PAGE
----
Flows at the features vary depending on natural flows in Turkey Creek and, according to the U.S. Geological Survey stream gauge on the creek, range from roughly 150 to 250 cubic feet per second on weekdays when NPPD’s hydroelectric plant is operating. “I would say anywhere from around 180 to 250 cfs is where it is best for surfing. Any higher and you can’t stay in the wave because the water is too high and washes the wave out, and any lower it gets kind of rocky and small,” Knapp said, adding that the lower flows also mean a bigger drop and more water coming over the bow of paddlers heading through the features.
If you happen to capsize, the drop structures are designed to spit you out of the whitewater and send you downriver, where you can easily get to either shore. Life jackets are recommended for all paddlers, and helmets for anyone attempting tricks in the whitewater.
Below each feature, boulders terrace the shoreline, providing a place for spectators to sit and watch. Paddlers can carry their kayaks from the bottom feature back to the top along the paved hike-bike trail on the south side of Turkey Creek, part of a 13.1-mile trail connecting Cottonmill Lake and Fort Kearny State Recreation Area. Parking is available in the lot at the end of the water trail on Central Avenue.
If You Build It
There are more than 70 manmade whitewater parks of varying shapes and sizes around the country, with more on the way. Each draws paddlers from near and far, a fact that was included in the economic development side of the fundraising pitch used by the Kearney Whitewater Association. An economic impact study completed by a University of Nebraska at Kearney student estimated the park would draw 7,900 paddlers, nearly half from outside Buffalo County, and bring $1 million annually to the community.
That doesn’t surprise Rowh, who said 16 float trips the group organized on the water trail since it opened and promoted through social media drew people from 44 cities and eight states. In its first month, the whitewater park had already drawn people from across Nebraska. “People from Colorado, Iowa and South Dakota are online talking about making trips this summer,” Rowh said. “It will bring people, there’s no doubt.”
Bob Peterson has been whitewater kayaking since 1975 and drove 2.5 hours from Norfolk to try out the new park the week it opened. He came back in May with his son and grandson. “I don’t get to [whitewater kayak] much because I live in Nebraska,” he said. “I’ve always had a full-time job, so it’s always been long weekends and vacations.”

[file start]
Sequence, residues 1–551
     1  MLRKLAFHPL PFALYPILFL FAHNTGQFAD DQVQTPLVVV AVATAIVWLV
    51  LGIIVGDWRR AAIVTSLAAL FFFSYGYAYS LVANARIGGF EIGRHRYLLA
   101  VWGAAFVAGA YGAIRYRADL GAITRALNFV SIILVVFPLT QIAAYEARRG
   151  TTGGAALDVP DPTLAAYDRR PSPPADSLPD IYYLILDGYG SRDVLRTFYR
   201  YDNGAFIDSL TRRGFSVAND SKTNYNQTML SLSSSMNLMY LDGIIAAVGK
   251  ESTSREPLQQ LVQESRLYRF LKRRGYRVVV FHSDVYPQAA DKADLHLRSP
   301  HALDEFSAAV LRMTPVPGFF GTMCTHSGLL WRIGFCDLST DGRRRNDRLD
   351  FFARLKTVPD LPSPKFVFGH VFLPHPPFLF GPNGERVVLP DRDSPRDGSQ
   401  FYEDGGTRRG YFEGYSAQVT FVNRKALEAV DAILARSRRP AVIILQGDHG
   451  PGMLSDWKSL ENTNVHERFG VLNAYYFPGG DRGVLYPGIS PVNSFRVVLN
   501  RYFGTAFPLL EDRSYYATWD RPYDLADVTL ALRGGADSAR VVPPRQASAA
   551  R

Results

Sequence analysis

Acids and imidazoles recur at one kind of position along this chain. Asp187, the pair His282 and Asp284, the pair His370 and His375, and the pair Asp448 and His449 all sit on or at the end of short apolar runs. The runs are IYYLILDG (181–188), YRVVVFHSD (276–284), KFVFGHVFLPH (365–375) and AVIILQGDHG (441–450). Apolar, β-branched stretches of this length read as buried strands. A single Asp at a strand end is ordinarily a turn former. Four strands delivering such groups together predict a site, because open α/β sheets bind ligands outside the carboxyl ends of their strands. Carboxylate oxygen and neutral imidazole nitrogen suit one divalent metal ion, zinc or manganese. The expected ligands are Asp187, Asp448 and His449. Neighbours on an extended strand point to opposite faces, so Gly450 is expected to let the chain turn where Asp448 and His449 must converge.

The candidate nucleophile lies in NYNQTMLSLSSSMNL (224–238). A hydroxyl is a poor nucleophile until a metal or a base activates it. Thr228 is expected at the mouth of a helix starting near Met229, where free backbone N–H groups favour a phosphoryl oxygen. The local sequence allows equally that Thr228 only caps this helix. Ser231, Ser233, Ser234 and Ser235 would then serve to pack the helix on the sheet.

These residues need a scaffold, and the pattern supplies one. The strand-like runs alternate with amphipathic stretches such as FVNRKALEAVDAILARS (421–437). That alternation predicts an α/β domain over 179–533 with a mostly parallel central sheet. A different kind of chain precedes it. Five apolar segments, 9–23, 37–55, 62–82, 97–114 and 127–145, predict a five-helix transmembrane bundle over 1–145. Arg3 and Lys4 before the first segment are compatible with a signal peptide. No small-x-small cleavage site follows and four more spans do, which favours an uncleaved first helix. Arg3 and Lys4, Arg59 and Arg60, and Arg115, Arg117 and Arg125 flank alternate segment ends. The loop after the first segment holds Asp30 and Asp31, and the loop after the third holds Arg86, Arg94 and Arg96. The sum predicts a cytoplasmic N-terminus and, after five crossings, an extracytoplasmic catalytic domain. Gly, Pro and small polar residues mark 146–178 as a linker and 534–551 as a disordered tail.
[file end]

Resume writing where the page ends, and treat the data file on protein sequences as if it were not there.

Peterson liked what he found, spending a few hours playboating in the features. “It’s real easy surfing,” he said. “It’s real easy to get in, and it’s pretty forgiving.”
Though you can seemingly buy a kayak anywhere these days, retailers in Kearney may want to expand their selection to include short, skirted, maneuverable, whitewater kayaks as more people try out the park. Knapp and Justin Stout, outdoor adventure coordinator at UNK’s campus recreation department, are talking about teaching roll classes so those who flip can get back upright while riding the waves. “It’s going to be a fun summer,” Rowh said. ■
The Kearney Whitewater Park won’t be the only such park in Nebraska for long. Work will begin this month on an $8.4 million redevelopment project in downtown Norfolk that will include eight drop structures on the North Fork of the Elkhorn River.
The North Fork Development Project is centered around restoration of Johnson Park, a federal Work Project Administration plan from the 1930s that was a centerpiece for the town before it was wiped out by flooding in the 1960s.
The project will restructure the river, replacing an aged hydroelectric dam with smaller drop structures to create whitewater features. It also includes a trail system, fish-habitat improvements and angler access, an amphitheater and festival space along the river, as well as business and residential development and street improvements. It is expected to be complete in the fall or winter of 2023.